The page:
top of page


Mehrnoosh Torbatnejad


When I step up to the detector, the agent asks me

where I am going as he retrieves my passport.


He looks up when I say Tehran,

extends his arm, his palm opens like a retractable claw,


little barbs against my chest, wait. And as the other

passengers stare at this public switch from unbothered to alarm,


he guides me away from them and to another, down corridors,

who pulls me into a nook somewhere in this airport,


and I think dignity when she digs both hands into my hair

and scales my scalp. From dignitatem, as in,


state of being worthy, as in, my being is something

worthy in this state, and I think collar when cold gloves


crawl down my neck. From kwel, as in, that

on which the head turns, as in, my head is turning,


my head is spinning to the guess of what flesh

will be unearthed next. And when she parts my thighs,


pries each leg apart from the other to scour the length

of each one, I think ankle, from ank or ang, as in, to bend,


and I remember that angosht is Farsi for finger,

and angolak, for fingering, and I flinch when she yells


to quit shaking, so I stand still like a stem

in a windless field, pretend my blood


is circulating smoothly, like water reaching my roots

neatly, my roots keeping me anchored so I don’t fall over,

and I imagine I am better planted by my own feet

than dangling thousands of feet in the air,

that turbulence makes my soles flick out their tongues,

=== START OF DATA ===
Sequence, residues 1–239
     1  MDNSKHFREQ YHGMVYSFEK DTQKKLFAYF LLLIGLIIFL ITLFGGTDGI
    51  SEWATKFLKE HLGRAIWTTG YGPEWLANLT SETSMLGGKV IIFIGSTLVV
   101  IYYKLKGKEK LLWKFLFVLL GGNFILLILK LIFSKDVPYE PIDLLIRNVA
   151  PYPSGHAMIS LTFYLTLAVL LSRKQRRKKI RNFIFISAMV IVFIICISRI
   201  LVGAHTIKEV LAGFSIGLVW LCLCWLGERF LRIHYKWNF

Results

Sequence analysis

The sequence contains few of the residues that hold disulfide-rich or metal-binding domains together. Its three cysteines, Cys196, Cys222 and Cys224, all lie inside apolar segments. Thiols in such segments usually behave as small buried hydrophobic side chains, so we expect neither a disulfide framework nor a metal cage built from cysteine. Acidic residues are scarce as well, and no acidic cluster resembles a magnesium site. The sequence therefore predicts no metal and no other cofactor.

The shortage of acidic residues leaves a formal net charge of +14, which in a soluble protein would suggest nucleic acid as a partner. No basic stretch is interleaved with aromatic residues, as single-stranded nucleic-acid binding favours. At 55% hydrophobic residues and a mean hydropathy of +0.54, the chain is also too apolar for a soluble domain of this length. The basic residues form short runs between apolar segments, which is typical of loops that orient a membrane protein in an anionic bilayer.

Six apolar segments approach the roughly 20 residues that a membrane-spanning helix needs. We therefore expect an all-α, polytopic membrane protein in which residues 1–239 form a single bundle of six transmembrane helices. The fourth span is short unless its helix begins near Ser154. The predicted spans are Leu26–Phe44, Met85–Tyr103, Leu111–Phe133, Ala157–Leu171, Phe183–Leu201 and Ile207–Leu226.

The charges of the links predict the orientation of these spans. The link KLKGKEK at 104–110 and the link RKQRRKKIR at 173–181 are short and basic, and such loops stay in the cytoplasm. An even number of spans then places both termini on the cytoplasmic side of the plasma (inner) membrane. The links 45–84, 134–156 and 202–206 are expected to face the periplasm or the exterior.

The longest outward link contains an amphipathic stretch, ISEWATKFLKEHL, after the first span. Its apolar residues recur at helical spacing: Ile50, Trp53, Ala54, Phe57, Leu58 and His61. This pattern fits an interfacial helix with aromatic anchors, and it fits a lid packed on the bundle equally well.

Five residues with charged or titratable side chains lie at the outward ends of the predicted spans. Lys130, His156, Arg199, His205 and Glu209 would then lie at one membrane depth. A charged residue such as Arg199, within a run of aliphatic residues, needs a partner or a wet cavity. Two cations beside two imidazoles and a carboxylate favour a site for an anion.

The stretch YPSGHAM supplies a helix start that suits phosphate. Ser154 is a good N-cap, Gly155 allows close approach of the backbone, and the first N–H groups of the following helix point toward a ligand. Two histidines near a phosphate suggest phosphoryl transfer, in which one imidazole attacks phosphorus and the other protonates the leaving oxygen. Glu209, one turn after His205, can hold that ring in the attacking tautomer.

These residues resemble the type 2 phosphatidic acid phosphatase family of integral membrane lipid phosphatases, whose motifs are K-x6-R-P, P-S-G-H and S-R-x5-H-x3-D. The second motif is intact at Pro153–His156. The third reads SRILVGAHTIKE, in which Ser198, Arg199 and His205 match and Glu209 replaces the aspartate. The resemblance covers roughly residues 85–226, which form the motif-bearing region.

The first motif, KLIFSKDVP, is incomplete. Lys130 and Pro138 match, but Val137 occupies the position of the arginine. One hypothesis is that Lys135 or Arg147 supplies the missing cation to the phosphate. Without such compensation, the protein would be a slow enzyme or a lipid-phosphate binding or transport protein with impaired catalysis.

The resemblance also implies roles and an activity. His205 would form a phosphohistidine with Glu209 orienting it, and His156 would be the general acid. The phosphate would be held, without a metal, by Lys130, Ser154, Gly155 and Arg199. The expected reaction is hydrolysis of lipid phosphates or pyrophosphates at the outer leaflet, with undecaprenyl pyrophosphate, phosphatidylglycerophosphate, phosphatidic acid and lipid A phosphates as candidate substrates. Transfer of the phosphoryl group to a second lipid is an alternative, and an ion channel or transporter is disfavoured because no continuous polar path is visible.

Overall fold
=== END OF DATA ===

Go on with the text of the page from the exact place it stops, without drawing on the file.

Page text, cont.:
desperate to lick the unmoving ground; and when she is done,


she tells me not to move. It will be a while

until my baggage is cleared. And I think baggage,

from the Farsi boqčeh, as in, a bundle,

as in the excess baggage we haul before we reach


our destinations, as in, how many times a day

does this agent utter baggage;


maybe a hundred times in the same snarl

that carries the history of our words in her mouth.  

Mehrnoosh Torbatnejad - Photo.JPG

Mehrnoosh Torbatnejad’s poetry has appeared in Asian American Writers’ Workshop, Tinderbox Poetry Journal, and Waxwing, among others. She is the poetry editor for Noble / Gas Qtrly, and is a Best of the Net, Pushchart Prize, and Best New Poets nominee. She lives in New York where she practices matrimonial law. She can be found on Twitter @mtorbat.  


If you enjoy Nat. Brut and consider yourself a reader of the magazine, please consider donating to us! We are a fledgling non-profit on a shoe-string budget, and our staff is 100% volunteer (all of us!). Every dollar you give goes directly back into the operations of the magazine. Consider giving today!

bottom of page